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General Purpose Input/Output

This document discusses the different methods that can be used by Nut/OS applications to access general purpose input/output (GPIO) ports.


Almost any microprocesser hardware offers a number of simple digital input and output pins. They are typically associated with one or more registers, which allow to microprocessor software to monitor the status of input pins or control the status of output pins.

In the most simple case a single input pin is attached to a single bit in a status register. If the input pin is connected to a high voltage level (e.g. a pull-up resistor), then the bit will read as 1. If the input pin is connected to ground, then the bit will change to 0.

Output pins can be controlled in a similar way. When the related bit in the output register is set to 1, then the output pin is driven to a high voltage level. Otherwise, if the bit is set to 0, then the output pin is driven towards the ground level.

Modern microprocessors offer a so called data direction register, which allows to define a specific hardware pin as input or output by setting the related bit in this register to 0 or 1 resp. More advanced features may be available, like activating an internal pull-up or pull-down resistor, driving an output in open drain mode, enabling a glitch filter etc.


Nut/OS had been originally written for the ATmega103, an early member of the 8-bit AVR family. For GPIO the system used the functions provided by avr-libc. For example, reading the 8 status bits of the 8 input pins of PORTE you could use

s = inb(PINE);

where PINE is the address of the status register, defined as

#define PINE  0x01

Single word instructions are available to access the first 64 I/O registers. To support this, the function inb() calls __inb(), if the register address is lower than 0x40. This function had been defined in inline assembly.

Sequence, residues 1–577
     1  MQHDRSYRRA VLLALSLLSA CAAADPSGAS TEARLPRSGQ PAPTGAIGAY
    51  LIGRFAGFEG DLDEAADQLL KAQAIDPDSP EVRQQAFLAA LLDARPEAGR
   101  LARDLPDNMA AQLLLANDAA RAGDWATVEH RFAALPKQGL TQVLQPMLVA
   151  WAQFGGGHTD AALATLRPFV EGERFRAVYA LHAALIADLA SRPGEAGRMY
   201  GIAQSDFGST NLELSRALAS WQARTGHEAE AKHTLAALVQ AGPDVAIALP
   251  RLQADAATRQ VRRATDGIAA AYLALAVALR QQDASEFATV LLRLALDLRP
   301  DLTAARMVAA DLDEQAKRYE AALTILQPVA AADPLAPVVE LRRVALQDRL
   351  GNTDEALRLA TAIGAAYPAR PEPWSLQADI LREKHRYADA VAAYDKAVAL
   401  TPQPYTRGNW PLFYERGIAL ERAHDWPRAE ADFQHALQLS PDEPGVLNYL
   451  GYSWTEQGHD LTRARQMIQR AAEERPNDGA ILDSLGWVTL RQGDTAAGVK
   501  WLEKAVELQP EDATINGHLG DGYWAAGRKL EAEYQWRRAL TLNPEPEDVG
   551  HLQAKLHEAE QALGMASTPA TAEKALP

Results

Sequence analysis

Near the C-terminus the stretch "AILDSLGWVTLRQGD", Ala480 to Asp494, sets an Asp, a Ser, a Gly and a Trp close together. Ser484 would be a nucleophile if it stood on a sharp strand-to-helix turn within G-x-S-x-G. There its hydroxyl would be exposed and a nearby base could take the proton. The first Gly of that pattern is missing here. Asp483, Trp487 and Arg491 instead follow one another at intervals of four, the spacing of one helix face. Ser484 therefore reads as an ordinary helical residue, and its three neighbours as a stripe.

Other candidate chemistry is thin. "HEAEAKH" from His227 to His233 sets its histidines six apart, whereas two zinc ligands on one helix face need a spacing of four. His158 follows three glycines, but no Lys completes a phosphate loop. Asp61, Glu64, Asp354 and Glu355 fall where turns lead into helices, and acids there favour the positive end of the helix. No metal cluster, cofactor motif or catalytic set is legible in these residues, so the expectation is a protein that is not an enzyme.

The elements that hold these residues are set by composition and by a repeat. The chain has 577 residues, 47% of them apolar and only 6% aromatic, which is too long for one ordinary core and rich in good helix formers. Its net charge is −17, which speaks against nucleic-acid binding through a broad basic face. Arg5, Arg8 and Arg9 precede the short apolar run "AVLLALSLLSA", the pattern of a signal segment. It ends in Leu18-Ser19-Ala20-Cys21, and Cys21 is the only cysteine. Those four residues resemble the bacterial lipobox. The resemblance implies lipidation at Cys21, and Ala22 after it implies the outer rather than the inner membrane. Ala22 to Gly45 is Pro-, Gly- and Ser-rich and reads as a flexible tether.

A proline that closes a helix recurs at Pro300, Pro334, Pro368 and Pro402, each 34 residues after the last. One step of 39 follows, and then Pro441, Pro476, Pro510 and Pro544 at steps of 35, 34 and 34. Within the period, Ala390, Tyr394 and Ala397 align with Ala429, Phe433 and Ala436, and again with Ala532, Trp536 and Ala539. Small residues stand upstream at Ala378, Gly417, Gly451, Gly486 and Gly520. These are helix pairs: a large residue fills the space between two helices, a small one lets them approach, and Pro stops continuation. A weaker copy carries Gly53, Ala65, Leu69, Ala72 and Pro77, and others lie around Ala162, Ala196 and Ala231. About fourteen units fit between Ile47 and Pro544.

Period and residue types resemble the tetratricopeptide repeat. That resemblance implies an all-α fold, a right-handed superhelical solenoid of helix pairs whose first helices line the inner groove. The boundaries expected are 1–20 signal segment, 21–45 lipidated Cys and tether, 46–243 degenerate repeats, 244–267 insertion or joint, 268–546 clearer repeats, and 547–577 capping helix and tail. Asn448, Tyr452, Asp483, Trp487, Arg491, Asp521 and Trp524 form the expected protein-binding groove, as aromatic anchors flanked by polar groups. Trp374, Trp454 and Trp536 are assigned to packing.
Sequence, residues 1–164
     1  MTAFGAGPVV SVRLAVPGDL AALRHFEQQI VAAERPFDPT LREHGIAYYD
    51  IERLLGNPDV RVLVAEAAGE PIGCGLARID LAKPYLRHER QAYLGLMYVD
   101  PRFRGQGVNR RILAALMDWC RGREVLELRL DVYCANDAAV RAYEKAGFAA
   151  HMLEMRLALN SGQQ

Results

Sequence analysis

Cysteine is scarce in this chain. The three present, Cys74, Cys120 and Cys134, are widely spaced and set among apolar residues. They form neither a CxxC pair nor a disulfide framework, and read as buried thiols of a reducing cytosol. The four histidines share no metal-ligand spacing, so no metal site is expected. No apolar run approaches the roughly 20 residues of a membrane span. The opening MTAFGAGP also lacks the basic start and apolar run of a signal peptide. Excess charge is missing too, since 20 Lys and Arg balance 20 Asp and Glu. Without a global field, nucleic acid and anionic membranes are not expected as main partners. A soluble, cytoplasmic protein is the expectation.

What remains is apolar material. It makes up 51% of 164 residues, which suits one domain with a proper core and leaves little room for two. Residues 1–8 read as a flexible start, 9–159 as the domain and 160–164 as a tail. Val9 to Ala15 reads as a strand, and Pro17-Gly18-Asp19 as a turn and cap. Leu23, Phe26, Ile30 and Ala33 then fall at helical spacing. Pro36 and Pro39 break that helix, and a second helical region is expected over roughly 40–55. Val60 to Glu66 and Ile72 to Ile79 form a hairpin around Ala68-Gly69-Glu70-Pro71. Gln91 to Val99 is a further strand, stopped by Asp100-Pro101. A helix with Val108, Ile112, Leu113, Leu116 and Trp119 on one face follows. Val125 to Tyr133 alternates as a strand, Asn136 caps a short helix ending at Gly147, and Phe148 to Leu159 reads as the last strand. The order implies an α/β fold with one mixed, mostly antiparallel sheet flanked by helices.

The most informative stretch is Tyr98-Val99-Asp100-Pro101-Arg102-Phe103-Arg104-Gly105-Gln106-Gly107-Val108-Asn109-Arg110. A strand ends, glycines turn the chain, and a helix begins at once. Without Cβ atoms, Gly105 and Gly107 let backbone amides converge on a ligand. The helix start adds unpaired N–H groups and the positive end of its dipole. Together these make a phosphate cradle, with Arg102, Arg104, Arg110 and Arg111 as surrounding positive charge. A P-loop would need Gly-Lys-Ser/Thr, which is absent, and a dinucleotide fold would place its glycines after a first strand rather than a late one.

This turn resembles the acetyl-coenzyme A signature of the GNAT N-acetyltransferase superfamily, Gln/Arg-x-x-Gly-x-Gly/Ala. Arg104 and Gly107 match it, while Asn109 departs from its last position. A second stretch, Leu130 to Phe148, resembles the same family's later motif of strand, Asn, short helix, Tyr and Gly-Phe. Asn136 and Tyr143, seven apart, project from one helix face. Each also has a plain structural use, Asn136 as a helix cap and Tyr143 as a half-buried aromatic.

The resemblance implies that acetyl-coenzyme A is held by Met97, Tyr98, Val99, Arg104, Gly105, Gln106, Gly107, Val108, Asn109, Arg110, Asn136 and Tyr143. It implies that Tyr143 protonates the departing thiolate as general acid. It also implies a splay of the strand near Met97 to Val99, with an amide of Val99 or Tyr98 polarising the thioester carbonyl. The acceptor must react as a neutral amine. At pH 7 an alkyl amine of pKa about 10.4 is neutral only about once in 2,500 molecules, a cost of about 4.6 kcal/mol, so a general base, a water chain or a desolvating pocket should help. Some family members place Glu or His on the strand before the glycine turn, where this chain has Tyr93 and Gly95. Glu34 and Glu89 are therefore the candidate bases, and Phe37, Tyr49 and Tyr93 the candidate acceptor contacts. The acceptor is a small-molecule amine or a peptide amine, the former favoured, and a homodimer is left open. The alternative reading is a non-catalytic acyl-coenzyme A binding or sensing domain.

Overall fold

#define __inb(port) ({
        uint8_t __t;
        __asm__ __volatile__ (
                "in %0,%1"
                : "=r" (__t)
                : "I" ((uint8_t)(port))

If a register address is equal or larger than 0x40, standard memory access must be used, which requires more instructions. In order to let the preprocessor decide, whether single I/O instructions can or normal memory access must be used, the register address must be a compile time constant. If the register address is passed in a variable, the compiler will always use the less efficient memory access. Therefore, a large number of #ifdef #endif constructions are used in Nut/OS to create configurable code and still keep I/O register addresses constant.

Most GPIO pins of the AVR family can be used as inputs or outputs, setting the related bit in the data direction register to 0 or 1 resp. In early versions of Nut/OS it was sufficient to simply specify a single register address, e.g. the output register, and let the preprocessor determine the other registers of the same port, e.g. the data direction register. The following code will configure the lower 7 bits of a port as outputs and set them to low, where the macro MYPORT may be configured to PORTB or PORTD.